Sometimes when researching my next project, a fellow astrophotographer’s work will jump out and inspire me to attempt to target that region of space.

One such is displayed here – a beautiful region of the Vela SNR located near Suhail (Gamma Velorum).

Image & processing inspired by Marco Lorenzi.

Taken over 3 nights from from Burwood, Suburban Melbourne.

Note to self, my little Stellarvue SV70T is a tad over-mounted on the mighty TAK NJP!

Vela SNR - Lambda Velorum Region Bicolour Ha O3
Vela SNR - Lambda Velorum Region

Capture Details

TelescopeStellarvue SV70T
CameraQSI 683 WSG8
MountTakahashi NJP
FiltersAstrodon 3nm Ha, O3 & RGB
Guiding CameraStarlight Xpress Lodestar X2
Integration time (Exposure)13 hrs
LocationSuburban Backyard, Victoria, Australia
DateFeb, 2019

About this Nebula

A wave of Ionised Oxygen (O3) streaks across the background clouds of Hydrogen (Ha). It is believed to result from a powerful explosion of a star some 11,000 -12,000 years ago.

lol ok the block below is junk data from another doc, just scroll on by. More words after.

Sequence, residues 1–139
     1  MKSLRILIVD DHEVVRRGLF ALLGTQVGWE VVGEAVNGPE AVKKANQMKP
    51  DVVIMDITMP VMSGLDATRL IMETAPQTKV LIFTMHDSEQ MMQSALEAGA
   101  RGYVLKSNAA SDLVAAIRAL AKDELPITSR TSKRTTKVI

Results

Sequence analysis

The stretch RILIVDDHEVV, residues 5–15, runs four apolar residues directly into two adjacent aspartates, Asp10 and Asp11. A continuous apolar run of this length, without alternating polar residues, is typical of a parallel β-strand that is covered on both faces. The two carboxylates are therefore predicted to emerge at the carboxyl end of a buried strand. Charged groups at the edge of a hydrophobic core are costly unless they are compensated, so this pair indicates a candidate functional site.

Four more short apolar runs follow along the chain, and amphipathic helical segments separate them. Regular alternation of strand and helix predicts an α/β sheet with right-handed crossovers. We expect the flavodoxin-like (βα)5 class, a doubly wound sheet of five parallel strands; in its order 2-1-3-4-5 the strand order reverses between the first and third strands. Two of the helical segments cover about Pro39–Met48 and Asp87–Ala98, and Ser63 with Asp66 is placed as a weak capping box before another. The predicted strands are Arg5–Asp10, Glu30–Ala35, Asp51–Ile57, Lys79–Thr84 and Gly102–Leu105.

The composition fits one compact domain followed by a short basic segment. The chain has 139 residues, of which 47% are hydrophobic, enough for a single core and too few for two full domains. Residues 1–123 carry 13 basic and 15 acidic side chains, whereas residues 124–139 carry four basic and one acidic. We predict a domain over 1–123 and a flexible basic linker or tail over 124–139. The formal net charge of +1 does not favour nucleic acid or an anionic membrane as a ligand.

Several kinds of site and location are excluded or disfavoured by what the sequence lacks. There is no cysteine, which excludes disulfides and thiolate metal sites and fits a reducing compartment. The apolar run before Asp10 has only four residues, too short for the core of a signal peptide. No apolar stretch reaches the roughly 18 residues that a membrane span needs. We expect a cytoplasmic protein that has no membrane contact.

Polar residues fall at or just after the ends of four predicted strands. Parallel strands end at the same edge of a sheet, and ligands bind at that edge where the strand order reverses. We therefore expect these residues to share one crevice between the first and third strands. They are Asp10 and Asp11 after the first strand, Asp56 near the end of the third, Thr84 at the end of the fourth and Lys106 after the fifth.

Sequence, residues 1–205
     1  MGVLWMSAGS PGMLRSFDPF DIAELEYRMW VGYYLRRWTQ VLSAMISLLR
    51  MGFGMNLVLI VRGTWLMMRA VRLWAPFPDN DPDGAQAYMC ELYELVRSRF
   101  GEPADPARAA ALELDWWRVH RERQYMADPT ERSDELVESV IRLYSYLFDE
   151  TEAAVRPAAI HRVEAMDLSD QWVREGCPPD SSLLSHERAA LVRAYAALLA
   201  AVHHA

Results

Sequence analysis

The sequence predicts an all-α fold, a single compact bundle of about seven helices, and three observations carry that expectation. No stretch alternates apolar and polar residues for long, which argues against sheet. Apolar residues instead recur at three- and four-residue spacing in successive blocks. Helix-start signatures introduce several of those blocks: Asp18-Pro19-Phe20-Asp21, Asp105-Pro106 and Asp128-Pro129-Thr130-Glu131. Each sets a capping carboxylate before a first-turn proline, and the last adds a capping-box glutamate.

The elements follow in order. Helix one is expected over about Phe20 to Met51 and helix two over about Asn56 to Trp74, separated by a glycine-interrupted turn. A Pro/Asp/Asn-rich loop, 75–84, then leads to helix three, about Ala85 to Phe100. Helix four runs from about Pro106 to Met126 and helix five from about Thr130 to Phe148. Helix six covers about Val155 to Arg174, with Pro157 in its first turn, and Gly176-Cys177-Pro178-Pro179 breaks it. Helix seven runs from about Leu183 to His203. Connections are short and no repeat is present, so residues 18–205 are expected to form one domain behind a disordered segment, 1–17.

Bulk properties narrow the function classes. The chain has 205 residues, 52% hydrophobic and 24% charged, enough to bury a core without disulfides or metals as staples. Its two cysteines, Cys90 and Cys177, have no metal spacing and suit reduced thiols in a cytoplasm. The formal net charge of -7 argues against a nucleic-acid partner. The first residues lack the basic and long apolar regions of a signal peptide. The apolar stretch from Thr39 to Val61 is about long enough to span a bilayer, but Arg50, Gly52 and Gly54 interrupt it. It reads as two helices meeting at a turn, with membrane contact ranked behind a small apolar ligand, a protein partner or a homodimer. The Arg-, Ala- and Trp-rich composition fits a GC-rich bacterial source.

The shock waves shown in the image as blue from oxygen emission and red from hydrogen emission have been expanding ever since.

The huge star at the top left is Gamma Velorum, a quadruple star system in the constellation Vela. At a combined magnitude +1.7, it is one of the brightest stars in the night sky, and contains by far the closest and brightest Wolf-Rayet star. It has the traditional Arab name Suhail al Muhlif. (wiki)

The open cluster at the centre is Collinder 173.

The Wave

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“I’m surfing the giant life wave.”

- William Shatner